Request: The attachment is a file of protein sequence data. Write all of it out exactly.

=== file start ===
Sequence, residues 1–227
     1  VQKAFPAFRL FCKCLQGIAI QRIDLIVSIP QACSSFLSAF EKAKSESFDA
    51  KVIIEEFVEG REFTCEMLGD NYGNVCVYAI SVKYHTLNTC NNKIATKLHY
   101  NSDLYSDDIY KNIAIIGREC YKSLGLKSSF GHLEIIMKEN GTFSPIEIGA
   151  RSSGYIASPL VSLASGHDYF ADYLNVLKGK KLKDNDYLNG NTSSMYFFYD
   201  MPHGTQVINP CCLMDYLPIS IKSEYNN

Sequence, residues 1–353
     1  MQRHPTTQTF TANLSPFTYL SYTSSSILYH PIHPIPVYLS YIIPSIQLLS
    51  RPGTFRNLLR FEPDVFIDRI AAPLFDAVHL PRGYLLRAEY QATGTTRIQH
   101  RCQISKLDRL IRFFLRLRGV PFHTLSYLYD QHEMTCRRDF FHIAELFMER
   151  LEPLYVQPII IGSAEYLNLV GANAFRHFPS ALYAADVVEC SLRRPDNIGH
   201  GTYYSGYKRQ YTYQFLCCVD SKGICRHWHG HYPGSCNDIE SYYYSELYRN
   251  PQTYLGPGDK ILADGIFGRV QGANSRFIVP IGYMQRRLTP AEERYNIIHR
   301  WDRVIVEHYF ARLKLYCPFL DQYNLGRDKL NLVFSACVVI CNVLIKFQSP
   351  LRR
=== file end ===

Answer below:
Sequence, residues 1–227
     1  VQKAFPAFRL FCKCLQGIAI QRIDLIVSIP QACSSFLSAF EKAKSESFDA
    51  KVIIEEFVEG REFTCEMLGD NYGNVCVYAI SVKYHTLNTC NNKIATKLHY
   101  NSDLYSDDIY KNIAIIGREC YKSLGLKSSF GHLEIIMKEN GTFSPIEIGA
   151  RSSGYIASPL VSLASGHDYF ADYLNVLKGK KLKDNDYLNG NTSSMYFFYD
   201  MPHGTQVINP CCLMDYLPIS IKSEYNN

Sequence, residues 1–353
     1  MQRHPTTQTF TANLSPFTYL SYTSSSILYH PIHPIPVYLS YIIPSIQLLS
    51  RPGTFRNLLR FEPDVFIDRI AAPLFDAVHL PRGYLLRAEY QATGTTRIQH
   101  RCQISKLDRL IRFFLRLRGV PFHTLSYLYD QHEMTCRRDF FHIAELFMER
   151  LEPLYVQPII IGSAEYLNLV GANAFRHFPS ALYAADVVEC SLRRPDNIGH
   201  GTYYSGYKRQ YTYQFLCCVD SKGICRHWHG HYPGSCNDIE SYYYSELYRN
   251  PQTYLGPGDK ILADGIFGRV QGANSRFIVP IGYMQRRLTP AEERYNIIHR
   301  WDRVIVEHYF ARLKLYCPFL DQYNLGRDKL NLVFSACVVI CNVLIKFQSP
   351  LRR